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Viral TikTok video shows bison charging woman in Texas park

The hiker sustained non-life-threatening injuries after she was “charged and gored by a bison” at Caprock Canyons State Park & Trailway in Briscoe County, she said.

A Texas hiker is warning other outdoor enthusiasts to beware of bison through a viral TikTok video that shows one charging her on a trail, sending her to the hospital with non-life-threatening injuries.

The TikTok user, whose profile identifies her as Rebecca Clark, says in the video — which was posted last week and had 2.1 million views by Tuesday morning — that she was "charged and gored by a bison" as she was hiking alone at Caprock Canyons State Park & Trailway in Briscoe County, about 100 miles southeast of Amarillo.

A spokesperson for the Texas Park and Wildlife Department confirmed that the incident happened on Oct. 4 and said officials have been in touch with the victim.

The video shows what appears to be a group of three bison passing ahead of Clark on a trail as she slowly tries to move ahead on the trail.

"I don't want to deal with them," she narrates in the video. "I just want to go by."

Clark initially appears to move past them without any problem. But seconds later, at least one bison charges at her, prompting her to scream, run and seemingly fall to the ground.

In a follow-up video posted two days later that has more than 260,000 views, Clark claimed the bison "rammed my back, gored me and threw me into a mesquite bush where I laid for 50 minutes" before she was taken to a hospital by helicopter.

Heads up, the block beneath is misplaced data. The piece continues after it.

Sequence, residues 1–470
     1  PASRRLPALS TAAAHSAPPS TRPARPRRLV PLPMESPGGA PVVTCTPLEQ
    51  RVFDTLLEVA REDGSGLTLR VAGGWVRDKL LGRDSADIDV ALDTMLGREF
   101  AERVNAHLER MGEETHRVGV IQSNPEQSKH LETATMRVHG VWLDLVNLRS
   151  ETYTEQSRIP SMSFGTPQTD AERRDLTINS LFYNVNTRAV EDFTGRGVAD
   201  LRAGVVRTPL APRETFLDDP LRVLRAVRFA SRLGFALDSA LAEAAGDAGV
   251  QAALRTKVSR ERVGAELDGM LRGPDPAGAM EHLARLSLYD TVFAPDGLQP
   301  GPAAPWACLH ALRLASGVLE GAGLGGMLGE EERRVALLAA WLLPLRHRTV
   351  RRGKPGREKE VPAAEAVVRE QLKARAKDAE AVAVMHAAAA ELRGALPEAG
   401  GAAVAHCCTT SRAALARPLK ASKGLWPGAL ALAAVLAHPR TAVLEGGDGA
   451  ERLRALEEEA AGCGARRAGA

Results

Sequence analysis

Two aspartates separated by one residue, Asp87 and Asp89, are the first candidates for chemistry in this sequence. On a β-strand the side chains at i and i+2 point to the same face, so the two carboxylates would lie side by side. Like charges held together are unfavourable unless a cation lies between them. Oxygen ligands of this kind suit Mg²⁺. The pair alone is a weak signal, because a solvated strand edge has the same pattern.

Screenshots of texts included in the video show her begging for help and claiming the incident would "make a hell" of a TikTok post.

"I am okay!" she wrote in the caption of that video. "Thank you for all your concerns and to tell you the truth your humor as well."

Clark and United Regional Wichita Falls, the hospital where Clark said she was treated, did not immediately respond to requests for comment.

Clark wrote in the caption of the original video that she was “posting to support safety while enjoying Texas State Parks" and called the bison "beautiful creatures."

Once nearly extinct, bison now number half a million, most of them members of private herds, according to the Park and Wildlife Department.

Caprock Canyons State Park is the home of the Texas State Bison Herd, which is monitored by park officials, according to the department.

Bison play an important role in the ecosystem and once provided "everything needed for human survival on the plains including food, shelter, clothing, and tools," the department said.

Bison are also temperamental, the parks department website warns. Signs of agitation or anxiety in bison include their raising their tails, pawing the ground or lowering their heads.

“If you see any of these behaviors, leave the area,” the department warned.

Otherwise, bison always have the right of way, and humans should avoid getting too close to them.

"As a rule, bison require at least 50 yards (half a football field) between them and people," the Park and Wildlife Department said. "Use the 'Rule of Thumb' to make sure you are far enough away: Stretch your arm out away from your face and give bison a thumbs up! Now close one eye. Can you cover the bison with your thumb? If not, you’re too close!"